Jamal Crawford scored 24 points, including several big shots in the final minutes, and the Clippers secured home-court advantage in the first round of the playoffs by holding off the Kings 112-108 on Wednesday night.
Western Conference Matchups
The first-round Western Conference playoff matchups are set. The first round kicks off Saturday, with Golden State-Denver and Memphis-L.A. Clippers.
First-Round Matchups Western Conference
No. 1 Oklahoma City
No. 8 Houston
No. 2 San Antonio
No. 7 L.A. Lakers
No. 3 Denver
No. 6 Golden State
No. 4 L.A. Clippers
No. 5 Memphis
"Getting the home-court advantage was very important to us," Crawford said. "That's what you're playing for all season, to get home court in the playoffs. We have unbelievable fans and it will be great to play that first game at home."
With NBA owners still deciding whether to approve the sale and relocation of the Kings to Seattle, the Clippers had to overcome one of Sacramento's best performances of the season.
Chris Paul had 25 points and 11 assists to lead the Pacific Division-champion Clippers (56-26), who earned the Western Conference's fourth seed and will open against fifth-seeded Memphis (56-26). The Clippers won three of four games against the Grizzlies this season.
Game 1 of the best-of-seven series starts Saturday in Los Angeles.
"I'm proud we stepped up," Clippers coach Vinny Del Negro said. "We won the last game and got home-court advantage."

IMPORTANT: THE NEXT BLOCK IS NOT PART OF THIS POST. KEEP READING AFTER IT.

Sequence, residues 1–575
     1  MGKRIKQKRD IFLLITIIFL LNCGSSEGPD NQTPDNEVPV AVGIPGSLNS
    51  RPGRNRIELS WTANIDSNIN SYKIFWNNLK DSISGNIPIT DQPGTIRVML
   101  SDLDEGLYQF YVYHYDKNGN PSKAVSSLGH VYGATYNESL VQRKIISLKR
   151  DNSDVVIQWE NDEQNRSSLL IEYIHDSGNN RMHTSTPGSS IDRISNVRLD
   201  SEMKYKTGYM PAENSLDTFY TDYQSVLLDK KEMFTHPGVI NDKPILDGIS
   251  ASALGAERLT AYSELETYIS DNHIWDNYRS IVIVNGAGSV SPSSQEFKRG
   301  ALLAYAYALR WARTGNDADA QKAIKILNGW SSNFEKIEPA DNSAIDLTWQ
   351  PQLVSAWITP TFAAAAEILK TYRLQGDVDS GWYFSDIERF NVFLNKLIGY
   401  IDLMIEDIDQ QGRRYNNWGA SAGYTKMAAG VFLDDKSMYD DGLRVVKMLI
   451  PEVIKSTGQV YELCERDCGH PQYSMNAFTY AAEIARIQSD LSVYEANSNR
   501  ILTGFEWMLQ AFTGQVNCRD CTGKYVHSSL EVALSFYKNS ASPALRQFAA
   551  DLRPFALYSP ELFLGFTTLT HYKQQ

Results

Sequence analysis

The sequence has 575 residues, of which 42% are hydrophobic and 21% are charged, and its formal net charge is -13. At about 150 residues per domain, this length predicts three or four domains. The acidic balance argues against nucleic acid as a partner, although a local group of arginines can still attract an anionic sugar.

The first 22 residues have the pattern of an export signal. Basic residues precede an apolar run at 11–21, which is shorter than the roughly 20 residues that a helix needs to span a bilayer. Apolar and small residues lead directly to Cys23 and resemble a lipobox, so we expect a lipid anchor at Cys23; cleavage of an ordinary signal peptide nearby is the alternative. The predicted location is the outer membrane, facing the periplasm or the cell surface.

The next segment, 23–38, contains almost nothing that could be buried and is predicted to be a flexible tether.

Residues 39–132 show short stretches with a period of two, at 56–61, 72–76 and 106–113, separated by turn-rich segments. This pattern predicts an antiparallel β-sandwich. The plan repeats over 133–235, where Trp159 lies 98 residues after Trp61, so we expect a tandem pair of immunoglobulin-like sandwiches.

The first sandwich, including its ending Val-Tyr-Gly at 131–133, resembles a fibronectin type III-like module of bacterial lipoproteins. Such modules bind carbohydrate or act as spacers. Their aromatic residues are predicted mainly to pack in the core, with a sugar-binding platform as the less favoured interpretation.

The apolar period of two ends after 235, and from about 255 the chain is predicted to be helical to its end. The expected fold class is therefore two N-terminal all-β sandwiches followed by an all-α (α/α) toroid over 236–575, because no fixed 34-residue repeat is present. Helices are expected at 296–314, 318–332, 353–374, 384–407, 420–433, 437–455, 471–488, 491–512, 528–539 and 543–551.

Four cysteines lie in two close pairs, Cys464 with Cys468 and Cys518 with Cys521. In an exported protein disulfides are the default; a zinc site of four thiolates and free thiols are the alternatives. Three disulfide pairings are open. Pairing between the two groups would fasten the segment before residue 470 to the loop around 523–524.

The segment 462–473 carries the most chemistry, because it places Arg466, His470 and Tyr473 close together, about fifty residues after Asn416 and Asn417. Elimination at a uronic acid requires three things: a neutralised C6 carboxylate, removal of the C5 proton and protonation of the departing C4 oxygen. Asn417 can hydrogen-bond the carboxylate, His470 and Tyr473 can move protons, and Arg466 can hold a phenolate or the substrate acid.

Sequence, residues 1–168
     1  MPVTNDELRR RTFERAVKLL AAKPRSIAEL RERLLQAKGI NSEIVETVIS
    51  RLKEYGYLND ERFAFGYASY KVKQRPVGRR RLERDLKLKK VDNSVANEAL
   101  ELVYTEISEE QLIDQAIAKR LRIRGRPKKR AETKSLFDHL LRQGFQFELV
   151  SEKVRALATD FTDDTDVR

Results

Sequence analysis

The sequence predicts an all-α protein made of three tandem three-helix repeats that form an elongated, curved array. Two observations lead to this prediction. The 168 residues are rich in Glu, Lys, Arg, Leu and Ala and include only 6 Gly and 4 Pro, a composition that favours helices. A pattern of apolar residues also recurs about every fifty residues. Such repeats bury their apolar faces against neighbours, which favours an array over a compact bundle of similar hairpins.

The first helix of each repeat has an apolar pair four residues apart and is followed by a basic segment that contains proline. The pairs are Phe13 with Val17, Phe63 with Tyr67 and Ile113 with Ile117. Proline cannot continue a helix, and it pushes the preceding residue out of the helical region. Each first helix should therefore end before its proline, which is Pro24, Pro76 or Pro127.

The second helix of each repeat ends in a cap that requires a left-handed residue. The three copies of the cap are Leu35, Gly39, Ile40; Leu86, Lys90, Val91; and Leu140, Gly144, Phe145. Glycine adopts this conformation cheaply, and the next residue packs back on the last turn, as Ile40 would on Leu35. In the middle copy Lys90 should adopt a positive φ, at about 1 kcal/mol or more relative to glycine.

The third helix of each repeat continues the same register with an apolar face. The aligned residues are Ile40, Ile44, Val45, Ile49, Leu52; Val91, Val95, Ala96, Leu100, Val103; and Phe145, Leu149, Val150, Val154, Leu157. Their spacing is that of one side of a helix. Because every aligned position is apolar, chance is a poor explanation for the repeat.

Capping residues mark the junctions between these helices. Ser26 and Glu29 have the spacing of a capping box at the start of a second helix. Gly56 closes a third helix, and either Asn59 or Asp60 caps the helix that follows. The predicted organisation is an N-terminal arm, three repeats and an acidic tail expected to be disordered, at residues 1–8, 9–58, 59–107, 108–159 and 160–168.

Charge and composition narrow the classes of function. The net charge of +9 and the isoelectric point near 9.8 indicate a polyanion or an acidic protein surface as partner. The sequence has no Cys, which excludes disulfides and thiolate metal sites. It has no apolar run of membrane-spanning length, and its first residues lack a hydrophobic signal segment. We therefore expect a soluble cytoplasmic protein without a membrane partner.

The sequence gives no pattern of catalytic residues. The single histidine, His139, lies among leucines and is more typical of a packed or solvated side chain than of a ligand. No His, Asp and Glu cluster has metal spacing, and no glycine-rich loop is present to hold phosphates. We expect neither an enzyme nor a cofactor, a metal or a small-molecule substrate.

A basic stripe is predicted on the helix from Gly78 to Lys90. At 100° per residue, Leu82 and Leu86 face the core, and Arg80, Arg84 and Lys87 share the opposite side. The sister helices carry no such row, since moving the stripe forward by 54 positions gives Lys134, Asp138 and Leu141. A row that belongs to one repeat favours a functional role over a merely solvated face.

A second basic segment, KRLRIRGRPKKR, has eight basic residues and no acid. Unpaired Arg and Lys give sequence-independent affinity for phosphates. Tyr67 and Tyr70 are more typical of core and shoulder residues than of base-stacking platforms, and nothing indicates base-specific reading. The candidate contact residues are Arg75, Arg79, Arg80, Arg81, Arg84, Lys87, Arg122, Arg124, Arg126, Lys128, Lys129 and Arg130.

DeMarcus Cousins had a season-high 36 points and a career-best 22 rebounds, and Marcus Thornton scored 21 to rally Sacramento from an 11-point deficit in the fourth quarter before the Clippers took control.
Cousins shot 14-of-24 from the floor and hit 8-of-11 free throws. The often volatile center added three assists and three blocks and showed just what kind of unstoppable force he can be when focused.
"I gave it my all," Cousins said. "I did it for the fans. It was also a statement going into next season. I want to do more for the fans and win more games."
If this really was the last game in Sacramento, the Kings had the home fans rocking one last time.
Thornton hit a 3-pointer to pull Sacramento to 91-88 midway through the fourth, then Cousins blocked Matt Barnes' short jumper into the stands and belted out a roar along with the announced sellout crowd of 17,317.
Patrick Patterson's shot from the corner arc put the Kings up 98-97 with 2:31 to play. He pointed his right hand to the crowd and flexed three fingers around his eye as the Clippers called a timeout.
Crawford came back with consecutive 3s, the second in front of Sacramento's bench. The NBA Sixth Man of the Year candidate stared back at Thornton after putting Los Angeles ahead 103-100.
Crawford shot 6-of-8 from long range. He finished with 149 3-pointers this season to break Rasual Butler's franchise record of 145 set during the 2009-10 season.
Cousins and Blake Griffin traded emphatic two-handed dunks. After Cousins hit two free throws, Griffin answered with a put-back layup to give the Clippers a 107-102 lead and Los Angeles sealed the game on free throws.